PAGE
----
yy Group 2 - MTA-Angelus, there were 4 teeth presented inflammation, being moderate to mild and 1 without inflammation; 2 teeth revealed complete mineralized sealing and 2 incomplete mineralized sealing. Figure 2 shhows one of the teeth with mineralized sealing without inflammation, organization of more than 2/3 of the periodontal ligament fibers and insertion in the mineralized barrier new-formed vessels and normal condition of osseous tissue next to the perforation. yy Group 3 – WPC, there were 2 teeth showed inflammation, being moderate to mild and 2 without inflammation and the mineralized sealing was complete in 2 and incomplete in 2 teeth analyzed. In this group presented intense extrusion of material, because the operator did not have an appropriate control with the sealing. Figure 3 shows one tooth with mineralized sealing and moderate inflammation restricted to the area adjacent to the defect, increase of vascularization, intense activity of cementoblast-like cells depositing of FIGURE1- ProRoot MTA, revealing the mineralized sealing at the perforation (P), with no inflammation and with organization of the periodontal ligament. Hematoxylin and eosin – Olympus 10X.

matrix in the defect, scant of organization of periodontal ligament fibers. Although the sealant perforation by WPC and MTAAngelus showed more than number of teeth with inflammation in comparation with the closed con ProRoot MTA, The nonparametric Kruskal-Wallis test did not demonstrate any statistically significant difference (p>0.05) between the materials employed (Tables 3 and 4).

4. DISCUSSION The ProRoot MTA is 75% of Portland cement, bismuth oxide (20%) as radiopacificator and calcium sulfate (5%) for improve the management. The MTA-Angelus is constituied by 80% of Portland cement and bismuth oxide (20%), both are white and grey. The color grey of the FIGURE 2- MTA-Angelus, demonstrating new formation of mineralized tissue sealing the perforation (P), with no inflammation and with normal condition of the periodontal ligament. Hematoxylin and eosin – Olympus 10X.

clincker of Portland cement is due to iron and manganese, for this reason when decrease the concentration of clincker’s iron there are production of clear color, in addition, during the fabrication f white cement is using clay, and carbonate stone without iron as main material. In the studies of Holland, et al. in 2002 was evaluated the reaction of the connective tissue in rats in the dentin tubes filled with white and grey MTA, obtaining similar results. Nevertheless, Chakmakchi, et al. compared the capacity of the sealant grey and white MTA with the Portland cement in the furca perforation of extracted human teeth, showing differences only between the white MTA and Portland cement, but, no differences between the groups white and grey MTA. Diamanti, et al. analized the chemical composition, pH and the characteristics of the surface of grey MTA with white MTA (ProRoot MTA). They demostrated that both are the same, only different in its chemical composition, such as iron oxide (Fe2O3) which was absent in the white MTA and the calcium sulfate (CaSO4) which was absent in the grey MTA. The Portland cement was used in this study, because is the base of MTA7,20,34. The WPC is classifying in two sub-groups, structural and non-structural, Non-structural is rich in carbonic materials, (ground stones), including mainly calcium carbonate, which is use to give back the concrete, and easy mix, in addition the WPC is use in the paste of the ceramic title, to make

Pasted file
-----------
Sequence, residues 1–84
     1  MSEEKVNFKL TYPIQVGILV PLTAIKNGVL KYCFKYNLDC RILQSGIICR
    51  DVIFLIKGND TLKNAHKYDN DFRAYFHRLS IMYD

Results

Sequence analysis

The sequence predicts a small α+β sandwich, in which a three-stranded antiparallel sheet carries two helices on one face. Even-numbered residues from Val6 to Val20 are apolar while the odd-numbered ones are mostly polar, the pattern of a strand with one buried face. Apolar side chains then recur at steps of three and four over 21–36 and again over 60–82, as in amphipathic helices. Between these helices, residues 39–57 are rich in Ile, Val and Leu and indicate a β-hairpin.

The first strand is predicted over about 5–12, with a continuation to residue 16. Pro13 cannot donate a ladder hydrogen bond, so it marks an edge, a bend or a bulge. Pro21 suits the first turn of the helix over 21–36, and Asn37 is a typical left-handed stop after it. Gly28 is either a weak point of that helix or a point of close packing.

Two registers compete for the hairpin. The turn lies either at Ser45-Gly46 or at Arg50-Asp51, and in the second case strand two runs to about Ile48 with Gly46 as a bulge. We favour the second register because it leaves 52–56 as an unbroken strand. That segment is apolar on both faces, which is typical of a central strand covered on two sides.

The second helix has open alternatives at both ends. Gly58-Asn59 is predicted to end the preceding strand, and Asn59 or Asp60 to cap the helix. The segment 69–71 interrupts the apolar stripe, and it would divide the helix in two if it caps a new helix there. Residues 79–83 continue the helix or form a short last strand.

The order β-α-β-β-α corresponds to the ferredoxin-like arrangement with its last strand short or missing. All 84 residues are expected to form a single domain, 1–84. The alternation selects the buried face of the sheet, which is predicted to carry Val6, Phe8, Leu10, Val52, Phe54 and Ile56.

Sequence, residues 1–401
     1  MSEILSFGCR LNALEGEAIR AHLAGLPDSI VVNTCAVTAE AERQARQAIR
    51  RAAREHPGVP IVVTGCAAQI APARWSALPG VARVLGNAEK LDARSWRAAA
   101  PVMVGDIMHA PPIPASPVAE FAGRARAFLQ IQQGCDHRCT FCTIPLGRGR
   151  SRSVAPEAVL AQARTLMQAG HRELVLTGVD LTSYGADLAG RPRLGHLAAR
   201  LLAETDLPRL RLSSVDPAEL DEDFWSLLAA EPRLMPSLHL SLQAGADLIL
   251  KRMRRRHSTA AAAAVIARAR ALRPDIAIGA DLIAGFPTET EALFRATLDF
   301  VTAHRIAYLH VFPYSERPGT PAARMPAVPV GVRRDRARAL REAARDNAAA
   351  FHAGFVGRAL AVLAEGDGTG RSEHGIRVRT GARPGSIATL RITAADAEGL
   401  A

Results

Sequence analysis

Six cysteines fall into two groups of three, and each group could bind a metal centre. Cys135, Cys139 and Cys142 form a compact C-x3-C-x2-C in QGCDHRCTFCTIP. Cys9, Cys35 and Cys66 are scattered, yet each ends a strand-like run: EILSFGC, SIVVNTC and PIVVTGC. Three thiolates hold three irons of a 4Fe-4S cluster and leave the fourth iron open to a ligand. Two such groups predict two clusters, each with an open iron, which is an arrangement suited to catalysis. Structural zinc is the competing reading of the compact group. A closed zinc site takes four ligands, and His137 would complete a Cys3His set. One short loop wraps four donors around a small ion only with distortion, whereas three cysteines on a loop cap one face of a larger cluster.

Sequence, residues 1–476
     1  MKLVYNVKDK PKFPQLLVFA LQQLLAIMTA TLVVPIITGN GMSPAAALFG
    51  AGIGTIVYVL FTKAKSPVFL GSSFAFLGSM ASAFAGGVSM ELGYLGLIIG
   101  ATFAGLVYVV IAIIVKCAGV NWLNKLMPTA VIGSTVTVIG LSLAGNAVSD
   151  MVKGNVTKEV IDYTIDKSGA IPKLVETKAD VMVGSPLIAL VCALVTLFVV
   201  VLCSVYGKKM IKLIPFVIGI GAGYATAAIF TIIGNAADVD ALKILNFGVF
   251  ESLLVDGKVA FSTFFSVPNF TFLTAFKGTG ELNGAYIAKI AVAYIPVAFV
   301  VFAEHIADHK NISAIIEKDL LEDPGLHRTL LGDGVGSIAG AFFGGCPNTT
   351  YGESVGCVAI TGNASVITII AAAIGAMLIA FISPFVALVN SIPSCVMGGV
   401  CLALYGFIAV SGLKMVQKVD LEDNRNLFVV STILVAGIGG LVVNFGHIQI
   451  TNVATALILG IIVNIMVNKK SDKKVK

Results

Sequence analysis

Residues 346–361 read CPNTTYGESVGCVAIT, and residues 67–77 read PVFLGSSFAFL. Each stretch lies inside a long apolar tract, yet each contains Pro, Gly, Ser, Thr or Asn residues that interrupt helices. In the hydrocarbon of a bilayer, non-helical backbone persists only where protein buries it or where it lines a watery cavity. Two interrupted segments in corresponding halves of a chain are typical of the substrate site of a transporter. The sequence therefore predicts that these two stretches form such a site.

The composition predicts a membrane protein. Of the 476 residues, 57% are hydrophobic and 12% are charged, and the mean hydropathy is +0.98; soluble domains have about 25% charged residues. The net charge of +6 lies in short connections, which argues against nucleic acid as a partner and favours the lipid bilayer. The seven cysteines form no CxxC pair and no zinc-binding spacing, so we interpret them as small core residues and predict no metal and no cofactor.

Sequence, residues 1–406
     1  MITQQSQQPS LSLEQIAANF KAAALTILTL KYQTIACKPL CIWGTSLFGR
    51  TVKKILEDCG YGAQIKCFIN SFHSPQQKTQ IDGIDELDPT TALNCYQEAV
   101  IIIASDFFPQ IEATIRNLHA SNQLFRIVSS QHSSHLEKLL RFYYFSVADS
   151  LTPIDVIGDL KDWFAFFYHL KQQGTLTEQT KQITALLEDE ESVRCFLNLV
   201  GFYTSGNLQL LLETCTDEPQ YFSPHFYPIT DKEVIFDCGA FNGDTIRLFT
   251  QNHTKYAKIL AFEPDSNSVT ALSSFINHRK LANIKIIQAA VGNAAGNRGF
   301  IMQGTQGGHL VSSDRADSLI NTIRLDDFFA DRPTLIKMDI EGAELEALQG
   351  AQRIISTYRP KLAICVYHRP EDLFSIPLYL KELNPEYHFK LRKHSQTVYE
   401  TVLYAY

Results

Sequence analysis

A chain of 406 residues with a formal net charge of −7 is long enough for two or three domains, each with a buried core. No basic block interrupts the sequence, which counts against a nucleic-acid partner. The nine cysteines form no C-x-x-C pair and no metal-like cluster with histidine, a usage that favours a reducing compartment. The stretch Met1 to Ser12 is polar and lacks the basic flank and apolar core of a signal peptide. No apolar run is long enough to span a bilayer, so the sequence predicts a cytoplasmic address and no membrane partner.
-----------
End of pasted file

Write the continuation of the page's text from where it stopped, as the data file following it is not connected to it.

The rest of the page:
FIGURE 3- WPC, with complete new formation of mineralized tissue at the site of perforation (P), organizing periodontal ligament, regardless of the inflammatory infiltrate. Hematoxylin and eosin – Olympus 10X

hydraulic bricks, it is mean non-structural applications. According with Bernabé and Holland3 there are more types of cements, Nonetheless, which have association with our interest in investigation. Several materials have been investigated to find the ideal material for sealing of perforations. However none of them has met all requirements to be considered ideal3,9,27. Pitt Ford, et al. investigated perforations in dogs’ teeth immediately sealed or contaminated with MTA or amalgam and observed 6 cases without inflammation and 1 case with moderate inflamma-


tion after 4 months in the specimens sealed immediately. TABLE 3- Non-parametric Kruskal-Wallis test demonstrating analysis of the inflammatory infiltrate according to the three materials employed.

Group

Median

Sum of scores

Mean score

Values

Angelus

1.000

37.500

7.500

5

WPC

2.000

43.500

10.875

4

ProRoot MTA

0.000

24.000

4.800

5

Hc= 5.265000 Exact probability = 0.063270. Chi-square at 2 degrees of freedom Probability = 0.071898. Study groups without statistical difference (p>0.05)